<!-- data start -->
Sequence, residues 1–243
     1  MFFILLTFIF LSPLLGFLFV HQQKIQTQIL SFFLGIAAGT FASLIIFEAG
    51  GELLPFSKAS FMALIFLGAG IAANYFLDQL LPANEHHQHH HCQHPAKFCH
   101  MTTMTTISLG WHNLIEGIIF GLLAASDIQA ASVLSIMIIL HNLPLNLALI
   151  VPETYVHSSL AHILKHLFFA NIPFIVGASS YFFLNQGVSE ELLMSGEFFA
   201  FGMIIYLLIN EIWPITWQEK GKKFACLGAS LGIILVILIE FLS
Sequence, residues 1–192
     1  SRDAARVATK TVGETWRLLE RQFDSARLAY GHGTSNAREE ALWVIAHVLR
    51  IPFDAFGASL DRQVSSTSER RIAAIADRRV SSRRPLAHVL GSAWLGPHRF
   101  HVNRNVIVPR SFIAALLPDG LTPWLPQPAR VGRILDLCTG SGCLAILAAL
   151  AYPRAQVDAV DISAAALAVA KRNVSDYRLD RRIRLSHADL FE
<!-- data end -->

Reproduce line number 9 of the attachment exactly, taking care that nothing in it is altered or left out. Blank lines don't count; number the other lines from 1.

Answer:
    51  IPFDAFGASL DRQVSSTSER RIAAIADRRV SSRRPLAHVL GSAWLGPHRF